Music-streaming services change the landscape for the industry

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CacheFly Team

Date Posted:

January 24, 2014

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The rapid growth of music-streaming services is changing the game for both the record industry and musicians. The success of streaming sites, such as Pandora and Spotify, is leading to established companies, like Apple, to create their own music services that are not focused on downloads. In these services, users either pay a monthly fee or listen to advertisements in between songs.
A direct result of the popularity of music-streaming sites is 2013’s first ever drop in digital music sales since Apple’s iTunes arrived on the scene in 2003. For many listeners, paying a fixed rate to get streaming access to a full supply of music is preferable to paying individually for each song or album download. Streaming also removes the need for users to manage their music libraries at home or in the cloud. The growing ubiquity of mobile access makes music streaming an easy process.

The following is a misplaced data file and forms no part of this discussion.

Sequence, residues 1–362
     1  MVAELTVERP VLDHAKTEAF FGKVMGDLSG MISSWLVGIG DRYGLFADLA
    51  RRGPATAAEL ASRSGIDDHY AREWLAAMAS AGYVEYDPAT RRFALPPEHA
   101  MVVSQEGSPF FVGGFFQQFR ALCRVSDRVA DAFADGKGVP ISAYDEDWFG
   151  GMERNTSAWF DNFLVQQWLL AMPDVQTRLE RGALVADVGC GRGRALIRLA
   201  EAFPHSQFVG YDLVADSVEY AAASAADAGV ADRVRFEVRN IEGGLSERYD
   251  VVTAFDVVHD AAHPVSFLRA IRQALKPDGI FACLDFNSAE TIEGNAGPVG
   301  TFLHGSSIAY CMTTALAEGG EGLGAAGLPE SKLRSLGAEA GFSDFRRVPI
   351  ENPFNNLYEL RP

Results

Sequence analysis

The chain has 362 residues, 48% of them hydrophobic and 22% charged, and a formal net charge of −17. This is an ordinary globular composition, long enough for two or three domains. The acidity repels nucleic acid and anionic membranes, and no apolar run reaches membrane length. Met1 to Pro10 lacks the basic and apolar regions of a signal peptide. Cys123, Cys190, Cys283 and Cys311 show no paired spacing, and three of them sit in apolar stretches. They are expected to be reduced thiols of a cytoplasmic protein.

Is the cloud making downloading music obsolete?
For many music listeners, the difference in sound quality between a song encoded in a streamed MP3 format or a downloaded lossless-FLAC file aren’t noticeable. There will always be a market for audio enthusiasts who enjoy listening to higher-quality sound-encoded files, but many users prefer are willing to forgo a level of quality for the ease of streaming, especially if they are always connected to the cloud. As higher bandwidth becomes more available, expect FLAC streaming to become more popular with audiophiles.
In short, the days of music listeners maintaining their own library of downloaded music are waning. With music streaming services becoming commonplace, online music providers need to ensure that their own listeners can stream music easily without gaps or delays.

Excellent Internet performance is a must
Companies involved in providing music, podcasts, or other audio over the cloud must provide the best-possible streaming performance for their media products. Partnering with a leading Content Delivery Network (CDN) is a great way to make sure listening customers are able to stream audio content quickly and easily.
The best CDNs access the Internet’s leading peer points, getting streaming audio onto listeners’ own networks seamlessly while essentially eliminating latency. The growth in music streaming means listeners expect quick and easy access to audio content. Smart content providers need to leverage the technical offerings of a CDN to ensure their customers’ ears keep listening.
Photo credit: Wikimedia Commons

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